• They create a negative work environment: When you're constantly feeling guilty or ashamed, it can create a toxic work environment. You may become irritable, snappish, or withdrawn, which can affect your colleagues and team morale.

  • They lead to burnout: Constantly striving to be "caught up" can lead to burnout. When you're feeling guilty or ashamed, you may work longer hours, skip breaks, or take on too much, which can lead to exhaustion and decreased productivity.

  • They distract you from the task at hand: When you're consumed by guilt or shame, it's difficult to focus on the task at hand. You may find yourself ruminating on what you haven't done instead of concentrating on what you need to do.

  • They undermine self-confidence: Guilt and shame can make you feel like you're not good enough or capable enough. This can lead to self-doubt and a lack of confidence, which can hinder your ability to complete tasks efficiently.

Practicing Self-Compassion and Acceptance


So, if guilt and shame are unhelpful at work, what can you do instead? Here are a few strategies to help you practice self-compassion and acceptance:

  • Exercise self-compassion: Treat yourself with kindness, understanding, and patience. Remember that everyone makes mistakes and it's okay to not be perfect.

  • Focus on what you have achieved: Instead of dwelling on what you haven't done, focus on what you have achieved. Celebrate your successes, no matter how small they may seem.

  • Practice acceptance: Accept that you're not going to be "caught up" at work all the time. It's okay to have a never-ending to-do list. Instead of fighting it, embrace it and focus on what you can do in the present moment.

  • Embrace Imperfect Action: Take action on tasks even if you don't have all the information or resources. Imperfect action is better than no action at all.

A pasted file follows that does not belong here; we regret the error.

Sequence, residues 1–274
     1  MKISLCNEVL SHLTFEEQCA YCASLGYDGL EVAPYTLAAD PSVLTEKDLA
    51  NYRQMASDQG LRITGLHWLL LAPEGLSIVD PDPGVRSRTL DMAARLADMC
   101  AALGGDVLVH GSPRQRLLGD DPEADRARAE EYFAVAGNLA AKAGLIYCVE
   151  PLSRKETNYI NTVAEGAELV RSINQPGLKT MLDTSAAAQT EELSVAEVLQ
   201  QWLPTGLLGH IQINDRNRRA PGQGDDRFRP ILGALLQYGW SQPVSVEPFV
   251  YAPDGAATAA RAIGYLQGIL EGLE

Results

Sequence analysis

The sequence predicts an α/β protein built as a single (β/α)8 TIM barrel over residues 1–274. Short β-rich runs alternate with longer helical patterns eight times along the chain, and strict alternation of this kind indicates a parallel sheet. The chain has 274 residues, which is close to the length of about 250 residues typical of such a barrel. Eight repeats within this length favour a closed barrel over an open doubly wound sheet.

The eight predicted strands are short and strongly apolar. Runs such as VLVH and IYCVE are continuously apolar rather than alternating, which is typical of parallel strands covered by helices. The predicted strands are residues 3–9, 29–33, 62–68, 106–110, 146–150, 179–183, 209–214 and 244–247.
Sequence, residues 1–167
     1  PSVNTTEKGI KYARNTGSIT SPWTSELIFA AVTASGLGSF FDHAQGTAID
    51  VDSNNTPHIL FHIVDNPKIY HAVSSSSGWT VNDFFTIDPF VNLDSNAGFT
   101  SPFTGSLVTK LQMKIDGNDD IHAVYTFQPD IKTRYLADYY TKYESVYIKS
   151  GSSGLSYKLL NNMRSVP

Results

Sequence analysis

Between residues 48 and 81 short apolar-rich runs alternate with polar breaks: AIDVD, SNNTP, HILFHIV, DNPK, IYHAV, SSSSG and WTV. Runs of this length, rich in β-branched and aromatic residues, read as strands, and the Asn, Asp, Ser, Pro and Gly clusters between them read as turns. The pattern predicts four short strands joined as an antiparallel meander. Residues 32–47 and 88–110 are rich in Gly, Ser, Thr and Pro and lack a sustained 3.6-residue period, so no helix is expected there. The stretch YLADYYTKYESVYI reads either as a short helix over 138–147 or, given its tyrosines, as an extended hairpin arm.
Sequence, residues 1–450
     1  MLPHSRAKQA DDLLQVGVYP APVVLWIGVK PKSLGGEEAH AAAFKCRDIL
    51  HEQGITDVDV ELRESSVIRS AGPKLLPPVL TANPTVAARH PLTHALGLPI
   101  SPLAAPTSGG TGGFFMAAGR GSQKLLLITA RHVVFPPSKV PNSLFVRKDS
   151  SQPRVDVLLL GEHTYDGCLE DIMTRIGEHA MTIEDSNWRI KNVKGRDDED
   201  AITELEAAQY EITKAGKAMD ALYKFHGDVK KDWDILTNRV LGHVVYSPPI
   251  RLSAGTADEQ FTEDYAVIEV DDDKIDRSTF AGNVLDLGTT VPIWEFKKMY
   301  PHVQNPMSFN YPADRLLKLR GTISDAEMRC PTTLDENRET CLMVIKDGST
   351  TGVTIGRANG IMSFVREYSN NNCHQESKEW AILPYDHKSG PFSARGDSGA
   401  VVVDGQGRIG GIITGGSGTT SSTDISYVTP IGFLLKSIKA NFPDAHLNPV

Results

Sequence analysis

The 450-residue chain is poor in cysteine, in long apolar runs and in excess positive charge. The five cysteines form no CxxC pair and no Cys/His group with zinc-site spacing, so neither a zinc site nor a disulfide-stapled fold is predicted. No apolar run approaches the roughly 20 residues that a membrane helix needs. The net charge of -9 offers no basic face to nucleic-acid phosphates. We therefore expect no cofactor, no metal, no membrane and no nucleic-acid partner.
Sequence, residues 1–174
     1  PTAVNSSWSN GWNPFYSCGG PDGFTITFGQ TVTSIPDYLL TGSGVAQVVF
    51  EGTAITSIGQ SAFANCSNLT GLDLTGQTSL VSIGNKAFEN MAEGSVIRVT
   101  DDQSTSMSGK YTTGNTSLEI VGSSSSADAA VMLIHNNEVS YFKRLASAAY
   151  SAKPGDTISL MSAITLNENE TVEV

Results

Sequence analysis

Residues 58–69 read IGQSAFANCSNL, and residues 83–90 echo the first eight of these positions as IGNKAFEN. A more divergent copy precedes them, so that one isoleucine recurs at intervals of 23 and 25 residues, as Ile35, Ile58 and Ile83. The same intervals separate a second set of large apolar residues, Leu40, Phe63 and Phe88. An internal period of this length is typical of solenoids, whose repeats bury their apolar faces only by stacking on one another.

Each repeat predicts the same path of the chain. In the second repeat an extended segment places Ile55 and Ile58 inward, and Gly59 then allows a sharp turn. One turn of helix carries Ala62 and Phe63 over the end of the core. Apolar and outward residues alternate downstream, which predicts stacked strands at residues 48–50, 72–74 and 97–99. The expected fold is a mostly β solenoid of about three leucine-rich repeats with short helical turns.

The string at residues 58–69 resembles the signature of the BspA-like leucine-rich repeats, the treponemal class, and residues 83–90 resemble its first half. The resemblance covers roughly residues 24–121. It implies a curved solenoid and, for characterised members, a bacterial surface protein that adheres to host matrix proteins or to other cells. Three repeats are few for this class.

• Set Realistic Goals: Set realistic goals that align with your priorities and values. Break down big tasks into smaller, manageable chunks, and focus on one task at a time.

Conclusion


Feeling guilty or ashamed about not being "caught up" at work is a common experience, but it's not a productive or healthy one. Instead of beating ourselves up over what we haven't done, we should focus on what we have achieved and take pride in our progress. By embracing imperfect action, setting realistic goals, and practicing self-compassion, we can break free from the cycle of guilt and shame and find a sense of calm and control in our work. Remember, it's okay to have a never-ending to-do list - it means we're ambitious and driven. And when we take care of ourselves and prioritize our well-being, we're better able to tackle those tasks with creativity, focus, and joy. So, let's give ourselves a break, shall we? We're doing the best we can, and that's something to be proud of.

 

Jonathan H. Westover, PhD is Chief Academic & Learning Officer (HCI Academy); Chair/Professor, Organizational Leadership (UVU); OD Consultant (Human Capital Innovations). Read Jonathan Westover's executive profile here.